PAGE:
PRINCIPAL DEPUTY ASSISTANT SECRETARY - INDIAN AFFAIRS
UNITED STATES DEPARTMENT OF THE INTERIOR
SUBCOMMITTEE ON INDIAN AND ALASKA NATIVE AFFAIRS
UNITED STATES HOUSE OF REPRESENTATIVES
ON H.R. 5050,
THE MAY 31, 1918 ACT REPEAL ACT
JULY 29, 2014
Chairman Young, Ranking Member Hanabusa, and Members of the Subcommittee, my name is Lawrence Roberts and I am the Principal Deputy Assistant Secretary - Indian Affairs at the Department of the Interior (Department). Thank you for the opportunity to testify on H.R. 5050, the May 31, 1918 Act Repeal Act, a bill to repeal the Act of May 31, 1918. The Department supports H.R. 5050.
In 1867, the Fort Hall Indian Reservation was created by Executive Order for various Bands of the Shoshone and Bannock Indians (Tribe). On May 31, 1918, Congress passed a bill to authorize the establishment of a town site on the Fort Hall Indian Reservation in Idaho. The Act of 1918 authorized the Secretary of the Interior to set aside and reserve for town-site purposes a tract of land within the Fort Hall Indian Reservation. The Act of 1918 also authorized the Secretary of the Interior to set apart and reserve for school, park, and other public purposes not more than ten acres in such town site on the condition that Indian children shall be permitted to attend the public schools of such town under the same conditions as white children.
The Act of 1918 further authorized the Secretary of the Interior to appraise and dispose of the lots within such town site and provided that any expenses in connection with the survey, appraisement, and should be reimbursed from the sales of town lots, and the net proceeds should be placed in the Treasury of the United States to the credit of the Tribe and would be subject to appropriation by Congress for the Tribe's benefit. Finally, the Act of 1918 provided that any lands disposed of under the Act of 1918 would be subject to all the laws of the United States and prohibited the introduction of intoxicants into the Indian country until otherwise provided by Congress.
The Bureau of Indian Affairs' Northwest Regional office is working with the Tribe to get an accurate determination of the number of acres that are included in the townsite area and to determine the actual ownership of the lots in the townsite. Currently the BIA's Northwest Regional office is in receipt of fee-to-trust applications from the Tribe and one fee-to-trust application from a member of the Tribe for lands located within the township.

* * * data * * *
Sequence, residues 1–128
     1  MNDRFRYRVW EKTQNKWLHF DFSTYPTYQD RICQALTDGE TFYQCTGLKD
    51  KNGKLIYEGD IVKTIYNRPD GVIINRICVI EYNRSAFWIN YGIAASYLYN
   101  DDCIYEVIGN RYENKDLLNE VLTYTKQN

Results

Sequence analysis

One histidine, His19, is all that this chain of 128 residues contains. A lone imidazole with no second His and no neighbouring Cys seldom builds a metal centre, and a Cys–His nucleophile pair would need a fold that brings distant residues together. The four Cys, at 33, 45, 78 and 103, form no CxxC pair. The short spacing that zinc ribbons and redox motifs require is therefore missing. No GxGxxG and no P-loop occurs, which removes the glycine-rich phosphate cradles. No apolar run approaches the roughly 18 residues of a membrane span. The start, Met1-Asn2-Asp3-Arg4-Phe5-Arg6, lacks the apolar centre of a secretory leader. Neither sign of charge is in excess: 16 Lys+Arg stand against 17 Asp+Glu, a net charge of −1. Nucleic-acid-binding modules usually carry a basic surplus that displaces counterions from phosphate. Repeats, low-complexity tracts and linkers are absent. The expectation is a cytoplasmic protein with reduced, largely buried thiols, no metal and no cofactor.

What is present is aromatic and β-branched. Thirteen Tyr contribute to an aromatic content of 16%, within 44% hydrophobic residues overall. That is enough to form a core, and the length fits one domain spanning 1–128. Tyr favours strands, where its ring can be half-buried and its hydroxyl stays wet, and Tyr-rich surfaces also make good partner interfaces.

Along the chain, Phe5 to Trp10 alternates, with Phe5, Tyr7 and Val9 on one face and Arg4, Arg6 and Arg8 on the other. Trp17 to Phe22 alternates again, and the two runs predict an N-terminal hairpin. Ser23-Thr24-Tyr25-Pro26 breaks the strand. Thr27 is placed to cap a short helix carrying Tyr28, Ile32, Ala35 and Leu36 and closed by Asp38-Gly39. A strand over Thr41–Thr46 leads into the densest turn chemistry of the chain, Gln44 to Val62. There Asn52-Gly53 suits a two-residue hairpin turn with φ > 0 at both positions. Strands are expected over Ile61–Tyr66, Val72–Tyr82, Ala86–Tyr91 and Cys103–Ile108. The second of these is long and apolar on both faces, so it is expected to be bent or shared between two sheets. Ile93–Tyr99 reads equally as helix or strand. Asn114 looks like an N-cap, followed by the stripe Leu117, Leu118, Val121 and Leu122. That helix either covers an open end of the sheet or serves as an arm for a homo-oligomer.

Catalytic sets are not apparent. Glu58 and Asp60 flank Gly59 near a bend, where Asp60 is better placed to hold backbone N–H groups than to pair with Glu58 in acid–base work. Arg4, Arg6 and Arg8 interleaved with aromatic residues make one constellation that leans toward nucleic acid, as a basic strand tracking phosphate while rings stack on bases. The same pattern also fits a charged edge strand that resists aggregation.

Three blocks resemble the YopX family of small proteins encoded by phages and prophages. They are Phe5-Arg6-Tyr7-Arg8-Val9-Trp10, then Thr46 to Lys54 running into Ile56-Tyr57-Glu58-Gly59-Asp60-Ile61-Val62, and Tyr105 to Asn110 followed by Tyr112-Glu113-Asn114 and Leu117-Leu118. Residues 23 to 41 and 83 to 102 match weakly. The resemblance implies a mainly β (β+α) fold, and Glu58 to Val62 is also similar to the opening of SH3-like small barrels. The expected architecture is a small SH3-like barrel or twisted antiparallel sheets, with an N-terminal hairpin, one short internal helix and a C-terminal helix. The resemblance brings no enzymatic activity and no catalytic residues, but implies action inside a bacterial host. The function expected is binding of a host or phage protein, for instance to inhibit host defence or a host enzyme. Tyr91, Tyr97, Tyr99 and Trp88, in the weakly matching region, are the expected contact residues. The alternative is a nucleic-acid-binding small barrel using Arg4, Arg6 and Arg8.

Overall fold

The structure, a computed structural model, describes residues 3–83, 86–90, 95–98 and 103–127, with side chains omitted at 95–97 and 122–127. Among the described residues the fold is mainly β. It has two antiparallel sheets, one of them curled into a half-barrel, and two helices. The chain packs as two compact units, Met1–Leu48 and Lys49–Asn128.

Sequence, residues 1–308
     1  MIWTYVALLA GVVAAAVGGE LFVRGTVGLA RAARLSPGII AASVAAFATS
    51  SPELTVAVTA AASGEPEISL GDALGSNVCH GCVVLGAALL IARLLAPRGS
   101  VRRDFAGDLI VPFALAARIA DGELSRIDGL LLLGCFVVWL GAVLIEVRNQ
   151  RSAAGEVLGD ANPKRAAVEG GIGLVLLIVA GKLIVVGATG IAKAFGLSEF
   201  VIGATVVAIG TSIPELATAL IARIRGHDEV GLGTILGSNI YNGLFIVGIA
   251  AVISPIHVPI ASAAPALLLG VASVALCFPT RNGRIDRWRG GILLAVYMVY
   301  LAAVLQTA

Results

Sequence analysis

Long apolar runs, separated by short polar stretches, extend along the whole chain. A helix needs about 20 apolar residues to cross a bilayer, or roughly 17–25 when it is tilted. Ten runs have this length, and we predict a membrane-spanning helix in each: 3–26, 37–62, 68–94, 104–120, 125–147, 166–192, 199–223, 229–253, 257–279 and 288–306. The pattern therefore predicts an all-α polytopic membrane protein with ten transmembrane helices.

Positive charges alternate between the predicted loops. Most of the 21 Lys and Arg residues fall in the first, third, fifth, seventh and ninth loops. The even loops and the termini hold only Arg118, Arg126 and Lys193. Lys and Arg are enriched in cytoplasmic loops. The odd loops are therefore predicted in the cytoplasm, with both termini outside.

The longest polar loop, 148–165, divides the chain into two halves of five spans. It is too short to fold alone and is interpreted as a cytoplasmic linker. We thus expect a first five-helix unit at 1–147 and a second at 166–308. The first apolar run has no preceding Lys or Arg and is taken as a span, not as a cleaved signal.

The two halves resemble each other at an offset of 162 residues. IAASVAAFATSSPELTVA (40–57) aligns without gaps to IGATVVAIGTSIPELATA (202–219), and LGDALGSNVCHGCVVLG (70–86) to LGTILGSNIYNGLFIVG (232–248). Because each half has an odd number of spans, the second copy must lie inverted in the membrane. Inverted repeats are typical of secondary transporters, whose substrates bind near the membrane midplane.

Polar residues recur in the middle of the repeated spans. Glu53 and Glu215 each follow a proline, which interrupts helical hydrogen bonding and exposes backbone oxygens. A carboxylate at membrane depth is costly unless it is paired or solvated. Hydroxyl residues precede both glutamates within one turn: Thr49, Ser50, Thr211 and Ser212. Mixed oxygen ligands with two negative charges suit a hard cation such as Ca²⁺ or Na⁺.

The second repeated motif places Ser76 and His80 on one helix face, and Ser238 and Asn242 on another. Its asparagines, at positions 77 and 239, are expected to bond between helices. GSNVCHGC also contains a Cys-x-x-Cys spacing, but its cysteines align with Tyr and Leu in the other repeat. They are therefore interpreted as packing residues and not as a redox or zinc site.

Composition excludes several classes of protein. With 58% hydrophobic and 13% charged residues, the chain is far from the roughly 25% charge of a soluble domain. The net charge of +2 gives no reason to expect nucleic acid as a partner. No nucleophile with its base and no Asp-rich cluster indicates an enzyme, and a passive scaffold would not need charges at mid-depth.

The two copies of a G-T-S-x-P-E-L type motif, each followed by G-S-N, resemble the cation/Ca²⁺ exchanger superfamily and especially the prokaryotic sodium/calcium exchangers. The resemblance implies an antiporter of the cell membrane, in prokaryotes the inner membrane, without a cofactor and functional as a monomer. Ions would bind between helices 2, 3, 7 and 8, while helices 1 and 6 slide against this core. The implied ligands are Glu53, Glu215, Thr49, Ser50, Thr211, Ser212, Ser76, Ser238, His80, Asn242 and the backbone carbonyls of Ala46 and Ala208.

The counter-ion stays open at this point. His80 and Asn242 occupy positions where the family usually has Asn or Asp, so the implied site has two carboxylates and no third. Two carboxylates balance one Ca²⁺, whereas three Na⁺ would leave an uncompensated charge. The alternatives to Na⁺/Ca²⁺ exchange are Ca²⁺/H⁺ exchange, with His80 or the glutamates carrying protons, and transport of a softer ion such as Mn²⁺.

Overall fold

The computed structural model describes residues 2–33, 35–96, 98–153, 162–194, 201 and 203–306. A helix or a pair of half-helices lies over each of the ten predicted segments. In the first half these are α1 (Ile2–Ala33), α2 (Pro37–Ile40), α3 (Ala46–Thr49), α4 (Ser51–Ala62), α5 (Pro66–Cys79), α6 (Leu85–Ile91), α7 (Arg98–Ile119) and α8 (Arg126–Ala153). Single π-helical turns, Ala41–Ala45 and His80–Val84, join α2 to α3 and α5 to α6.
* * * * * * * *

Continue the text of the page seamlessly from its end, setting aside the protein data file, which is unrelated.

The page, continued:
The Department is aware that the Tribe acquired ownership of the Fort Hall Water and Sewer District in 2000 and the Tribe has extended and improved this system several times over the past 14 years. The Fort Hall Water and Sewer District was operated by a group of citizens that resided within the townsite, but were unable to continue to operate this system financially. The waterlines, pump stations, and lifts, along with their main water structure are part of the structures that are owned by the Tribe. There are a few lots that were originally part of the school reserve and remain reserved for that purpose.
The primary features of H.R. 5050 are to:
· repeal the Act of May 31, 1918 (which authorized the Secretary of the Interior to set aside and reserve a tract of land within the Fort Hall Indian Reservation, Idaho, for town-site purposes),
· gives the Shoshone-Bannock Tribes of the Fort Hall Indian Reservation the exclusive right of first refusal to purchase at fair market value any land set aside or apart under the Act of 1918 and such lands are offered for sale,
· directs the Secretary of the Interior to place lands in trust for the Tribe or a member of the Tribe where the lands subject to the Act of 1918, were (1) acquired before enactment of H.R. 5050, and (2) are acquired on or after the enactment of H.R. 5050 that is set aside or apart under the Act of 1918.
The Department supports H.R. 5050. The Department would like to work with the Tribe and the sponsors of this legislation to align H.R. 5050 with the clarifying legislative language reached with the U.S. Senate version passed out of the Committee on Indian Affairs in the United States Senate. The Department and the Tribe and the Senate bill sponsors provided more background information on the status of the lands covered by the Act of May 31, 1918, and we obtained current ownership information of the subject lands by the Tribe and members of the Tribe, along with legal descriptions of the affected land. The Department, for clarity, prefers that such legislation include the legal descriptions of the affected land. This insures that the Department understands the will of Congress and can execute the law effectively.
Thank you for the opportunity to testify on H.R. 5050. I am happy to answer any questions the Subcommittee may have.